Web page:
Remember when, at a press conference, Trump turned to some doctors and asked the inelegant question of whether they could use “disinfectants” to treat COVID-19? “Disinfectant” was a poor word choice made by a non-medical expert, and the press did what it does best and over-interpreted that malapropism to claim that he was asking whether Clorox or Lysol could be injected to treat the disease. That was a rhetorical overreach on their part.
What if, instead of “disinfectant,” he used the word “antiseptic?” Antiseptics are biocidal chemicals that stop or slow the growth of microorganisms and are frequently used in hospitals and clinics to sterilize skin and mucous membranes to reduce the risk of infection during medical procedures. Disinfectants also are biocidal chemicals that kill and slow microorganism growth and also are often used in hospitals and clinics to sterilize surfaces and instruments to prevent the spread of pathogens. Many people use the terms interchangeably. For example, antiseptics used to sterilize skin before surgery and are sometimes called skin disinfectants.
But for the hairsplitters, medical professionals admit to a bit of difference between antiseptics and disinfectants. Generally, antiseptics are applied to the body, while disinfectants usually are applied to surfaces, such as countertops and handrails. However, a surface disinfectant, such as alcohol, is also often used as an antiseptic to sterilize skin. Your arm often is swabbed with alcohol before an injection, and alcohol is a common antiseptic ingredient in hand cleanser. Chlorhexidine is a disinfectant used to sterilize surgical instruments, but it also is used as an oral antiseptic. Hydrogen peroxide is another chemical that is used both as a disinfectant and antiseptic. Clearly, there is much similarity and overlap in the use of and terminology between antiseptic and disinfectant agents, which can collectively be called biocides.
Even if Trump had used the word “antiseptic” instead of his unpolished choice, “disinfectant,” one suspects that the press still would have chided him for suggesting that we inject Mercurochrome to treat COVID-19. However, he also might have been vindicated since an antiseptic and a surgical instrument disinfectant are now being tested at the University of Wisconsin-Madison for their ability to prevent CoV-2 virus infection.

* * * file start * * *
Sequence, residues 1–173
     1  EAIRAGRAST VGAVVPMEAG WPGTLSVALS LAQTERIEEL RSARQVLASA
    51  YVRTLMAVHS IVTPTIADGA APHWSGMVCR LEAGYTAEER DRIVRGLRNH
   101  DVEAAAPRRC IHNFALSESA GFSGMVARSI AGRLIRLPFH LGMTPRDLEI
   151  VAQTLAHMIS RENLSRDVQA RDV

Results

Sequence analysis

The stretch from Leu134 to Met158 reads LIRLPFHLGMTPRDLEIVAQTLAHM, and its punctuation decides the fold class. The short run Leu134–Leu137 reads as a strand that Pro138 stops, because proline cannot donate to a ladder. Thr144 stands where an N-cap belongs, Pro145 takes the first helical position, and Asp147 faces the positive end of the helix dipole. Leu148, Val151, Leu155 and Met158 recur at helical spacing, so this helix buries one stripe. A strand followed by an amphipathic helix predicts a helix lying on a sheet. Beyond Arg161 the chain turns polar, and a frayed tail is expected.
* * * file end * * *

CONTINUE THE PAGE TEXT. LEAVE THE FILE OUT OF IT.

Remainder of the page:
The new study will test a common antiseptic, Povidone-iodine, for swabbing the nose, and the common instrument disinfectant, Chlorhexidine, for rinsing the mouth. The idea is that the agents will coat the nose and mouth and kill any virus that comes in contact with the biocidal agents, preventing the virus from gaining entry into mucosal cells from where they grow and spread throughout the body. The trial is now enrolling up to 500 participants. For a six week period, participants will swab their nose twice a day and rinse four times a day, after which they will be tested for CoV-2 infection and compared to a control group that did not “disinfect.” If effective, this regimen could be useful for protecting healthcare workers, teachers, nursing homes, and other people routinely in high contact with others. Researchers hope to announce their findings by early to mid-fall.
Words are important, but sometimes flubbed; that is excusable, especially when it is a non-expert who did the flubbing. What is less tolerable is jumping to unwarranted and extreme rhetorical conclusions about why a flubbed word was said. If one is honest, one must admit that Trump never suggested “injecting Clorox” to treat COVID-19. Now, it seems that Trump’s poor choice of the word “disinfectant” was not so crazy after all. One day, we all might be gargling with a surgical instrument disinfectant.
Bottom line: When setting up this blog last April, I said it would not be political, and it hasn’t been. What I wrote above is not about politics, it is about science and facts, both of which can transcend politics. Sometimes when a scientist makes statements based on facts and evidence that conflict with certain political positions, people assume that the scientist is being political. That is not necessarily true.
It is not true here.
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